Enter a search term such as “mobile analytics” or browse our content using the filters above.
Check your spelling or try broadening your search.
Sorry about this, there is a problem with our search at the moment.
Please try again later.
“Next is planning to save £8m by not sending out glossy catalogues to shoppers who don’t want them” said The Telegraph on Good Friday. The money freed up would be directed into digital, it stated.
Recent meetings with clients and prospects has raised this issue to the top of my mind: who exactly is responsible for deliverability?
And by ‘responsible’, who carries the can if it all goes wrong?
Relevance is the Holy Grail, not just for email marketers but for marketers in general. The word relevance has been over-used to the point of making it a cliché.
However, at the heart of every cliché is fact, and think about it for any length of time it quickly becomes clear that every tool, every tactic, every strategy we use to improve email results is purely focused at achieving one result – greater relevance.
Online Marketers spend huge sums on paid-for media, much of it driving orders from existing customers who also reside on the organisations email list.
There are enormous gains to be made by from investing in CRM via email for the long term.
Do you have a mobile optimised site? If the answer is no, then how long can you continue to ignore the lost opportunity as customer preferences shift? And are you interested in maximising the volume of customers who visit this site?
Optimising the Mobile Journey is no longer optional...
What is the key to relevance in email? Simple… it is knowing what the customer is interested in.
Whilst not wishing to be too prosaic, email marketing is the pursuit of relevance. Relevant emails get read and make money; irrelevant emails go into junk or worse still get unsubscribed (leading to a subsequent loss of lifetime value).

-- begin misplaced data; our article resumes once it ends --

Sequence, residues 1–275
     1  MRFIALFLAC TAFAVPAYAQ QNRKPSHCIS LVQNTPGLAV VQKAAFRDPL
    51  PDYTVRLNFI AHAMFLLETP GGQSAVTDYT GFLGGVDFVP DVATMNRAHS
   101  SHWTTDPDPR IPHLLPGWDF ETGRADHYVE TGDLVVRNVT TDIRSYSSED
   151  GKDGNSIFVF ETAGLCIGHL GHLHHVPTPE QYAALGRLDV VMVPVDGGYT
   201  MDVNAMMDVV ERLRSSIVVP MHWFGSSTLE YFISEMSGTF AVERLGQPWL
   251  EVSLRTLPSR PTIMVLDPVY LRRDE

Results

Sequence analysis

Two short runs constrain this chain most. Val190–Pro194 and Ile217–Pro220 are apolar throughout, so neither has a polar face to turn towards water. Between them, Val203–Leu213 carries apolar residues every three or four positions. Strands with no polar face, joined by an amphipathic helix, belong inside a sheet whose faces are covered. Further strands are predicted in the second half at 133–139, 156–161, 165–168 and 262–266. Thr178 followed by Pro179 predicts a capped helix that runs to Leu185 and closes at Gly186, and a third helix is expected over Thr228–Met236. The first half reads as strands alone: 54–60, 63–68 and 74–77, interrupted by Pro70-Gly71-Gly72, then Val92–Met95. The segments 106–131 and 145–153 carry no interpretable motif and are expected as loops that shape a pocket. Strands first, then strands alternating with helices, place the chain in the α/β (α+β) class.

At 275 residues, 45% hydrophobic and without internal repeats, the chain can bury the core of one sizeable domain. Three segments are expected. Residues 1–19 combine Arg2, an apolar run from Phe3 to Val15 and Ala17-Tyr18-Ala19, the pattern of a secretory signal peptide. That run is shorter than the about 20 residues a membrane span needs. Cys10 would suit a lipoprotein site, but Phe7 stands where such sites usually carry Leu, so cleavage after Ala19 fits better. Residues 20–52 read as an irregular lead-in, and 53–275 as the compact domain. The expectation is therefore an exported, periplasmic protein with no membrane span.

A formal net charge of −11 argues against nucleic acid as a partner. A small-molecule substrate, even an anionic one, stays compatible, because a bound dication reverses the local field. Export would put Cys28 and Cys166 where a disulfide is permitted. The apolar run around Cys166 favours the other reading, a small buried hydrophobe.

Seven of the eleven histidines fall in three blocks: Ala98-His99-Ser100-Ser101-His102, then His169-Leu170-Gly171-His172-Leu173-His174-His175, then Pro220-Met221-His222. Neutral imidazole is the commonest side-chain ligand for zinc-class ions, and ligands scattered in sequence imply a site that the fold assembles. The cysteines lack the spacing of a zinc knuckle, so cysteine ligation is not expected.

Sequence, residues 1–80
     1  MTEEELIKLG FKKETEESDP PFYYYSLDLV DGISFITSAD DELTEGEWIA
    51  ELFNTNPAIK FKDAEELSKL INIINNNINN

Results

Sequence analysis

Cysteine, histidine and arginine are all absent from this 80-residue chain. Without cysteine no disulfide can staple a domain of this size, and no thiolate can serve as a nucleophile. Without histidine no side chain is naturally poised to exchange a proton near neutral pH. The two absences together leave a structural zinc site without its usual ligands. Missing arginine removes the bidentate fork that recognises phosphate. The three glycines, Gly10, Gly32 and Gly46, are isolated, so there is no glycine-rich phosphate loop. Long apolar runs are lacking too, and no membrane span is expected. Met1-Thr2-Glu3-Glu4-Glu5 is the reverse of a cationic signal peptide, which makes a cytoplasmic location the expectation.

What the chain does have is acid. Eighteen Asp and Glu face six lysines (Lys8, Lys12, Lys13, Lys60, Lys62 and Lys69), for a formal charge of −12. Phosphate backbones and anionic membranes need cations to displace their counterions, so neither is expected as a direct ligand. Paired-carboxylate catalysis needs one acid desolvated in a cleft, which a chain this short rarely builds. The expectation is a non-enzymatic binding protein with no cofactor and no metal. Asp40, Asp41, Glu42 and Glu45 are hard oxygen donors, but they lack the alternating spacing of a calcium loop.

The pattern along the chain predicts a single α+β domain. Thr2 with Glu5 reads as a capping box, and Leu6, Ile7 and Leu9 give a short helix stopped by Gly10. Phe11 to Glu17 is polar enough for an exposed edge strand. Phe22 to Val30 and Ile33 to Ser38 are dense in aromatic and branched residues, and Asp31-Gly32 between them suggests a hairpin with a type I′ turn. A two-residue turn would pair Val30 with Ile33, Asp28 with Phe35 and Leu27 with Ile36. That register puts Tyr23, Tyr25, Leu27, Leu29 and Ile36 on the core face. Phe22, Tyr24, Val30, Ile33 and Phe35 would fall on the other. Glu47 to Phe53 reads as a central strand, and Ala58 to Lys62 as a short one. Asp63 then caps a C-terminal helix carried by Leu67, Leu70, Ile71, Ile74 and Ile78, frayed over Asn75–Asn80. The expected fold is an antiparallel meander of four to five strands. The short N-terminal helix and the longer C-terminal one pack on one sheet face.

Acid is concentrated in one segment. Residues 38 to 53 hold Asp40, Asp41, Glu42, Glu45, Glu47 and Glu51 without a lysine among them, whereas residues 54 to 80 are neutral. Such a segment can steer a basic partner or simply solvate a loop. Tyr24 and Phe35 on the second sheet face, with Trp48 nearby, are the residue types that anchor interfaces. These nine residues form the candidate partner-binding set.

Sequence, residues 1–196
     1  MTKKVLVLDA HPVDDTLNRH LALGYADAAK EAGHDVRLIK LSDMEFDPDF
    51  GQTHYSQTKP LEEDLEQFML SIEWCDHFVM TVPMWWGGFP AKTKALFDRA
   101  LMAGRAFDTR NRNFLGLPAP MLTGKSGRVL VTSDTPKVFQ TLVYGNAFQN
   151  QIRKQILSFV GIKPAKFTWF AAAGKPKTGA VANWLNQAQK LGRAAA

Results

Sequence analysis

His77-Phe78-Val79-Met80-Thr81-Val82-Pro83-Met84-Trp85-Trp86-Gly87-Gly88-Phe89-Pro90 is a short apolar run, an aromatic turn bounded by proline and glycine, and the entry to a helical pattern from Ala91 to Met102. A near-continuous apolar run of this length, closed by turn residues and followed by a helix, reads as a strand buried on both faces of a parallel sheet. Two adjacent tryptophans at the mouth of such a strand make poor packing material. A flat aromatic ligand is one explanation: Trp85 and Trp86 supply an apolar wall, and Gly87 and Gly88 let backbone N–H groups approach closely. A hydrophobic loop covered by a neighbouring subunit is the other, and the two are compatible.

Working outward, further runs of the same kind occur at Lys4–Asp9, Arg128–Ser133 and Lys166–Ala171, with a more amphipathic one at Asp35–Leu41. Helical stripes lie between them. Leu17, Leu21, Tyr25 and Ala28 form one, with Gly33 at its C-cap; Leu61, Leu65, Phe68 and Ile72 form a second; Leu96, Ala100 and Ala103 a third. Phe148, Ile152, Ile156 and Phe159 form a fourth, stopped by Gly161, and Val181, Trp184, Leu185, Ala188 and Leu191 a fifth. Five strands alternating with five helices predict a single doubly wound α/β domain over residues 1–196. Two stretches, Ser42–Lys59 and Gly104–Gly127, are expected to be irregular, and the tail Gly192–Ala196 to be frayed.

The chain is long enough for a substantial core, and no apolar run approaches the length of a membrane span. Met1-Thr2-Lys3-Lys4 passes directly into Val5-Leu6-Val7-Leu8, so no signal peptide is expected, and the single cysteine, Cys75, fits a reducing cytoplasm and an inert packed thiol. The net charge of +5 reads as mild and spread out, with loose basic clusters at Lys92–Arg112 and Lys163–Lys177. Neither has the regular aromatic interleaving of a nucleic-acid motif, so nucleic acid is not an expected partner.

The art of good email is knowing what someone is interested in, and that applying this to all future email communications.
How marketers measure email is changing and will continue to change.
Where we used to look at open and click rates, today we are putting in place plans to measure email lifetime value. So what is going on?
I was reviewing results from a split creative test on a basket abandonment email recently (names removed to protect the successful) and it struck me how the methodology for measuring email results can, quite erroneously, determine how we use email marketing and develop marketing strategies.
So I thought I would combine the results here with my recommendations on how to measure email marketing.
It is frankly maddening when I hear marketers talk about how ‘valuable’ email is because it is ‘cheap’.
It says to me this marketer is likely to be banging out high frequency emails to produce orders without due consideration to the real value of email marketing in CRM terms.
RedEye’s latest Behavioural Email Benchmark Report shows that the number of online retailers employing a basket abandonment strategy has doubled from 7% to 14%.
So, I’ve asked the key guys at RedEye for their ideas about how to improve a basket abandonment email campaign. I got the fun of ranking them.
And in the style of Tony Blackburn, I’m counting down starting at number 10!
I've seen a lot of advice recently suggesting that 'recency is the key', and all basket abandonment emails should be sent immediately.
I find it quite depressing. Individuals giving this advice assume that all customers are the same. Segmentation, customer analysis, research and even good old fashioned ‘thought’ is ignored for the sake of a headline.
In translation, these vendors are screaming ‘Spam the lot of them immediately!!’
“You can’t use offers in Basket Abandonment emails because it trains customers to deliberately abandon”.
What tosh! All marketers know that offers improve conversion. To blandly state that you can’t use an offer to improve conversion on a basket abandonment campaign is at best a lazy excuse.
It seems most of the controversy is based on the typical ambiguity that seems to exist in many online rules and regulations. Because, let’s face it, the situation is meant to be led by public opinion, with the legislators supposedly following suit. The public want to be “protected” from evil online marketing spies, who are poised and ready to sell something at the first sign of interest.
Or do they?